E. F. Carritt (1876-1964)

In Hugh LaFollette (ed.), The International Encyclopedia of Ethics. Wiley-Blackwell (2016)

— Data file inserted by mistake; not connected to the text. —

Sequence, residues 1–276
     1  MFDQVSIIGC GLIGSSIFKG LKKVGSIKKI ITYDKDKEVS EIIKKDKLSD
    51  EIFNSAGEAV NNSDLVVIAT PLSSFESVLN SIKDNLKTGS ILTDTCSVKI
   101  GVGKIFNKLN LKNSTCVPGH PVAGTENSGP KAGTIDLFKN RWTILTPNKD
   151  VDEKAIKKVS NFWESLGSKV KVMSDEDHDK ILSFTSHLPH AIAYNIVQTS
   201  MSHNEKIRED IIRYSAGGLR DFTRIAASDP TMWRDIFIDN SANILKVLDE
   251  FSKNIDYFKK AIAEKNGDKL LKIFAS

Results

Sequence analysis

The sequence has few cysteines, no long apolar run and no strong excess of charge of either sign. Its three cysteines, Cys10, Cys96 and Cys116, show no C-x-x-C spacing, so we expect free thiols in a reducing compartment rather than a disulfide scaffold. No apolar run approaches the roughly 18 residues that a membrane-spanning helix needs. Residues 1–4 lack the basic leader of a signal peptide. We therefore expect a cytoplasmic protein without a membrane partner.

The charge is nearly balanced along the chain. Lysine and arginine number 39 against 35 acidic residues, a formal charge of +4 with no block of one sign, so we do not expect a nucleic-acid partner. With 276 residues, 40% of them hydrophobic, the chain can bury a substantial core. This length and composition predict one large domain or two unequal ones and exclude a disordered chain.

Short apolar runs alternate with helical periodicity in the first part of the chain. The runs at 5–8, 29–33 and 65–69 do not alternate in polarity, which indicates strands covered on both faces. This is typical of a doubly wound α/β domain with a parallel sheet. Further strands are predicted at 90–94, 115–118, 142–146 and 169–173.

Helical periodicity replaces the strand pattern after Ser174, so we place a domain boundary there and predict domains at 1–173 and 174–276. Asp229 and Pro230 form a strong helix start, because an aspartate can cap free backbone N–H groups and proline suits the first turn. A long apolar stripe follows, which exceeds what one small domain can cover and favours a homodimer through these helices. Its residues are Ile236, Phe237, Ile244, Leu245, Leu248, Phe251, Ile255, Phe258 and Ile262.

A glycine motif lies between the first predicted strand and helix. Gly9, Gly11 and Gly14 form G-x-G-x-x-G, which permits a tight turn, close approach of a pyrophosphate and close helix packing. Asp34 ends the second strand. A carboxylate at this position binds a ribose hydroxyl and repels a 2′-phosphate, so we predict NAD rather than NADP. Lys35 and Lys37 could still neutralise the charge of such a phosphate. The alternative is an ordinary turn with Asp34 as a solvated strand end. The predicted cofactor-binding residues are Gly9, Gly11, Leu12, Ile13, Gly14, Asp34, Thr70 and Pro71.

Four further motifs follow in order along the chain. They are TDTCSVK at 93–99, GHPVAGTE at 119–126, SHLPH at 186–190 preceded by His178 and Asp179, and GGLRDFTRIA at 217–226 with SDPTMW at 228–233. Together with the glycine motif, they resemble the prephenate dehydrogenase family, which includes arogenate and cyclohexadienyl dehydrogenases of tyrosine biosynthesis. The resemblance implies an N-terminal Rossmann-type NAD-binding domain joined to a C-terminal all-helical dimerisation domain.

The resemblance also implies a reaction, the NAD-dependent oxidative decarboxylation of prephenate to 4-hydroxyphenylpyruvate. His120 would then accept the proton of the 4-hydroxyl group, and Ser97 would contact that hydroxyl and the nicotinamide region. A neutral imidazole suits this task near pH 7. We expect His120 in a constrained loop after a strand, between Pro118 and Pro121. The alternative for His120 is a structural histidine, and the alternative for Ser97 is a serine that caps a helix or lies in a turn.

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E. F. Carritt (1876-1964) was educated at and taught in Oxford University. He made substantial contributions both to aesthetics and to moral philosophy. The focus of this entry is his work in moral philosophy. His most notable works in this field are The Theory of Morals (1928) and Ethical and Political Thinking (1947). Carritt developed views in metaethics and in normative ethics. In meta-ethics he defends a cognitivist, non-naturalist moral realism and was among the first to respond to A. J. Ayer’s emotivist challenge to this view. In normative ethics he advocates a deontological view in which there is a plurality of obligations and of non-instrumental goods. In the context of defending this view he raised some penetrating and novel criticisms of ideal utilitarianism. He held that it is not acceptable to revise our reflective common-sense moral attitudes in the face of philosophical moral theories, and that moral philosophy is only indirectly practical.
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